Emotions will run high over this. If you do wind up talking to Bob please remember not to shoot the messenger.
Last edited by MattRobertson; 06-25-2005 at 03:27 PM.
"LxF welcomes with open arms all members, regardless of social status, creed, color, sexual preference, or anything else. The only thing we discriminate against is douchebags."
Check out Darth Hemi in the LxForums Garage
Thanks Red. Everything else aside, it was really fun meeting such wonderful folks, seeing their rides in person, hanging with my dad who was able to make it up there with me, conversing with Bob of SVS and just listening to the years and years of performance experience pour out of him, and watching gotls1 kick the crap outta the other big bad guys at the track (sorry guys, thats a cheep shot I knowOriginally Posted by Cucamonga Red RT
Let the debate begin. I've got no personal attachment here. I invite anyone and everyone to rerun this same test elsewhere on a different car. For me, all the questions I had have been answered.
Excellent point Matt. Please, this man has offered his time up to anyone interested enough to contact him. How you act will reflect upon everyone here at LXForums. Treat him with respect and as you would like to be treated if not for yourself, then at least for the LXForums community.Originally Posted by MattRobertson
Wow guess i am gonna pop in a drop in K&N and be done with it! Great Results i am shocked!
I've already bought the K&N and I'm very disappointed in the numbers. It sounds great and I still think there was an increase in acceleration, but the number just don't agree.
I was there and I agree, all was well run.... but the numbers don't lie.
It was great though.....great meeting all of you and I had a great time.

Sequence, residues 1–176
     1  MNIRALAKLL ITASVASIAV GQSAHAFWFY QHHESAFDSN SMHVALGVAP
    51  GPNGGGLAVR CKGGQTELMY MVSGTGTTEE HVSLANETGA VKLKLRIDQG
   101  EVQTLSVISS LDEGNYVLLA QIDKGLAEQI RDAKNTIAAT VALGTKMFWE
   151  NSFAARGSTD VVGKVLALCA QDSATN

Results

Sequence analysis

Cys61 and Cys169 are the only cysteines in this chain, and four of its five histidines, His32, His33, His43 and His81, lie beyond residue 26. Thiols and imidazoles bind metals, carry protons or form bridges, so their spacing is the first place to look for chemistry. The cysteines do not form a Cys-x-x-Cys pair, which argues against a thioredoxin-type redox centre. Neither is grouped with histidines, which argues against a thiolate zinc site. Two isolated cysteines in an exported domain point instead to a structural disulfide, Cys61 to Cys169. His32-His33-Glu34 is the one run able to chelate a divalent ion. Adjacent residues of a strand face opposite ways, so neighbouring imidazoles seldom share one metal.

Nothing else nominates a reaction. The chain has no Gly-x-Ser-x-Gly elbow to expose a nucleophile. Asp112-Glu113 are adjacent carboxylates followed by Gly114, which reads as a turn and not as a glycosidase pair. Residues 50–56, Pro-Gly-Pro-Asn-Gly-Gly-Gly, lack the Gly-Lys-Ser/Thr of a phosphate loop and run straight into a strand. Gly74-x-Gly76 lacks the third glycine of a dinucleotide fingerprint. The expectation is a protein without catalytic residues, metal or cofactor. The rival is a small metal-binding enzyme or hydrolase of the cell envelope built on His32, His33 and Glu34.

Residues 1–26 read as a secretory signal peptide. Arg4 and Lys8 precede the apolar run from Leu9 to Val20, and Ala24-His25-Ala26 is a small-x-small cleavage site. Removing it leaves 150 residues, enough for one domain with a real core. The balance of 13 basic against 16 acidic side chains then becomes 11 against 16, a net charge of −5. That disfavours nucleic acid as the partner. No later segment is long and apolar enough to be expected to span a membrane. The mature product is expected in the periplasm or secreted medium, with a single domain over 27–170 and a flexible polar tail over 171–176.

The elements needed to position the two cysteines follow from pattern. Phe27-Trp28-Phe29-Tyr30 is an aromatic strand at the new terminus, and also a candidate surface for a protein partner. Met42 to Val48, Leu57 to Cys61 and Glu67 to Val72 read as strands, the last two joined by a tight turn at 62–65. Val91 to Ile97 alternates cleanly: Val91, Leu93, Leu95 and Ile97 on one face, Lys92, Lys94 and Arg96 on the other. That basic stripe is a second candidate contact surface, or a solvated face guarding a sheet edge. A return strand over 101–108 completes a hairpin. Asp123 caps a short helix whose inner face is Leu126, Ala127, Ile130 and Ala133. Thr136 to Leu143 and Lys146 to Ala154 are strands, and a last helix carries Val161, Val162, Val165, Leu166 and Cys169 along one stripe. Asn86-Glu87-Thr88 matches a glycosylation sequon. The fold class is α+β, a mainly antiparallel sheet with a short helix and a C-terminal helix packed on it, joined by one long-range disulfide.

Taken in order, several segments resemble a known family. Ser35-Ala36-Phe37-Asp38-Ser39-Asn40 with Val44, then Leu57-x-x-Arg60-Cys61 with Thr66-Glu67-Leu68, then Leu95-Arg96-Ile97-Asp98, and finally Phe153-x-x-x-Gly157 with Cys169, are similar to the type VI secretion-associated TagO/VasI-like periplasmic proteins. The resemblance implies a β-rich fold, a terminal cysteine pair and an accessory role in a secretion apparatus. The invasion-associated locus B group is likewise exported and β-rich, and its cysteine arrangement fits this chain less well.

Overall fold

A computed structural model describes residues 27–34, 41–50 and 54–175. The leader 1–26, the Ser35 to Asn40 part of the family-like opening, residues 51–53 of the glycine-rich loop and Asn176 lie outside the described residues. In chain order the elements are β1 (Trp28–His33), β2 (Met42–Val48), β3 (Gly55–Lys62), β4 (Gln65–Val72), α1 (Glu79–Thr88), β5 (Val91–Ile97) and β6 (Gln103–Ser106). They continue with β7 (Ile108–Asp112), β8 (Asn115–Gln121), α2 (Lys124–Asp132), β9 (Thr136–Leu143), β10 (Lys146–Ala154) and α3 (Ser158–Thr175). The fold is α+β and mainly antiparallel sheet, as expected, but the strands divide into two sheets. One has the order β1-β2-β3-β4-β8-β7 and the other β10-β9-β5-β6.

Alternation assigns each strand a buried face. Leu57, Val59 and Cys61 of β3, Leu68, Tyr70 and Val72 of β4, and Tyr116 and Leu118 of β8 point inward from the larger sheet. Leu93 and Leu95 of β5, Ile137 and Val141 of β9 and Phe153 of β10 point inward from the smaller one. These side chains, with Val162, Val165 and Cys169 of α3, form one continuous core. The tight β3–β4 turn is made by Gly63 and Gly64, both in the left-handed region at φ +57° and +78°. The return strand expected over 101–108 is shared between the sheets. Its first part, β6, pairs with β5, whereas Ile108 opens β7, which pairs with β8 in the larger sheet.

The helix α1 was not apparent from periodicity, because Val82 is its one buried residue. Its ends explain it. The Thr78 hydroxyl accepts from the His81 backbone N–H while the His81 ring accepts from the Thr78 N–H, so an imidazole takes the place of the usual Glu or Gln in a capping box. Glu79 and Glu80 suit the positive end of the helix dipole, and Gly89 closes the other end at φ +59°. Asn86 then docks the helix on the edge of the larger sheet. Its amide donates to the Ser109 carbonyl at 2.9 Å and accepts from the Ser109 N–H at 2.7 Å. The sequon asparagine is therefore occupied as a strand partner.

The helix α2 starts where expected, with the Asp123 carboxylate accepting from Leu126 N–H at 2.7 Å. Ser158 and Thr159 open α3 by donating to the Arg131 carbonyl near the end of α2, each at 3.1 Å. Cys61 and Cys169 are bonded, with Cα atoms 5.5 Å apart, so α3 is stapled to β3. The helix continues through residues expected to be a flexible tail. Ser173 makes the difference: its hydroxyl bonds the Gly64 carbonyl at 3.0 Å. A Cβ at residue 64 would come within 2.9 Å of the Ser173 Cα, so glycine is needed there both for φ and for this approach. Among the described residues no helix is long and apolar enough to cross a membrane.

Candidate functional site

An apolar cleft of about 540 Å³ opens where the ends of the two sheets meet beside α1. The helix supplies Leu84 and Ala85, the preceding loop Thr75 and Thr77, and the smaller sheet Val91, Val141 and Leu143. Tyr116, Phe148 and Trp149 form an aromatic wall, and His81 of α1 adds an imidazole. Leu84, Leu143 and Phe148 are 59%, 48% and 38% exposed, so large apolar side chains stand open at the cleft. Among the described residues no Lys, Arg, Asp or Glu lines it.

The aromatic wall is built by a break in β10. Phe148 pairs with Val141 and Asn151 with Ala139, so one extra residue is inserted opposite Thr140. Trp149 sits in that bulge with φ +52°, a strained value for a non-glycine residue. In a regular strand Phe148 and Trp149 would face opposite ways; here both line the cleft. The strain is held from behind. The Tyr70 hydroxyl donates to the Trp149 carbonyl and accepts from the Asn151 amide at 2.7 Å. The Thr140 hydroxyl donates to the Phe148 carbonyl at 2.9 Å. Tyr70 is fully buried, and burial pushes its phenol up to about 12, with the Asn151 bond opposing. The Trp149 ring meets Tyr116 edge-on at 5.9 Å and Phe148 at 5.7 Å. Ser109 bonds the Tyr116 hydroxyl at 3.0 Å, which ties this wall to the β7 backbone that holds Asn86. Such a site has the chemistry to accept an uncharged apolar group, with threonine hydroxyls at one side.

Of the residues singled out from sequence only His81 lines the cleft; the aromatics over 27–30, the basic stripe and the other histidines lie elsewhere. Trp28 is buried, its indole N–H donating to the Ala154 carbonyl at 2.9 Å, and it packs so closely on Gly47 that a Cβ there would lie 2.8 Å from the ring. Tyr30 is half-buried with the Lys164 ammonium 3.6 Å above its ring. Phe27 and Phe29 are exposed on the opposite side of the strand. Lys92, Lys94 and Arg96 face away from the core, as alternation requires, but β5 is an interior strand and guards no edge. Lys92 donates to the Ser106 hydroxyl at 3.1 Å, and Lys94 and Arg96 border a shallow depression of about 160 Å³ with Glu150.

Last edited by 1CoolVMagnum; 06-25-2005 at 03:43 PM.
Let's agree to respect each others views, no matter how wrong yours may be despair.com
'05 Magnum RT, Cool Vanilla (mine)
Very interesting indeed -- I was hoping that there would be a clear winner, with a substantial performance boost, and a VALUE correlation to it's cost.
I'm disappointed, but I'll leave all the word-slinging for someone else.
I do have the K&N drop-in -- good to know my maintenance costs will be lower! LOL
To CoolV and the gang, much appreciation for this Consumer Report -- thank you very much!
Oh, I almost forgot: can someone please explain the 340 HP rating vs. the 275-80 HP tested??? Thanks!
Last edited by da BoMM; 06-25-2005 at 03:43 PM.
6.1L HEMI #622 '07 TorRed MSRT8 1/165= TORRED >< 6.1L HEMI '10 Silver Jeep GC SRT8=4X4JETMSRT8 owners http://www.lxforums.com/board/groups/magnum+srt-8+owners/
340 is the engine tested at the fly wheel.Originally Posted by BragonMyMag
275 is HP at the rear wheels (per Bob at SVS the loss of power comes from all the gears, spinning wieght, ect. of the transmition, rear end, ect. and automatics have more loss the manuals)
Last edited by 1CoolVMagnum; 06-25-2005 at 03:48 PM.
CoolVanilla, and others
Thanks for doing this I know it was a lot of work but opfully the fun was enough reward.
I am disappointed that there is no A/F numbers but from the results I would assume they where as consistent as the HP numbers.
Although from my Dyno runs the mixture leaned out with the open air runs.
Can the run graphs be posted somewhere?
I would like to see the whole power curve.
Can someone post pics of all the different intakes tested? I don't know what any of them look like except the Volant.
2006 Inferno Red Magnum SRT8
2005 Silver Magnum RT - SOLD
2005 Brilliant Black Magnum RT - SOLD
maneval69, I strongly encourage you to download the dyno data and reader as mentioned in the first post. Grab that data, plug it into the reader and you'll be able to generate all the charts and curves you wish. You'll also find AF numbers for every run in there too.
My thought was to cover 80% of the folks out there with the easy to read summary table. The remaining 20% can get what they need via the raw data. If you grab the data and generate a plot or table you think others would be interested in, please email it to me and I will most certainly add it here. jason AT cr8urf8 DOT com.
I have one, but my ftp site has crapped on me again. anyone got a place I can put it?Originally Posted by Jim
the picture, not the crap :lol:
I'm reminded of a quote I've used at work:
"I often say that when you can measure what you are speaking about, and express it in numbers, you know something about it; but when you cannot measure it, when you cannot express it in numbers, your knowledge is of a meagre and unsatisfactory kind. "Lord Kelvin (William Thomson, 1st Baron) (1824-1907) English physicist and mathematician. In: Popular Lectures and Addresses, London, 1889, v. I, p. 73. See also: Life of Lord Kelvin, by S. P. Thompson, 1910, V. 2, p. 792.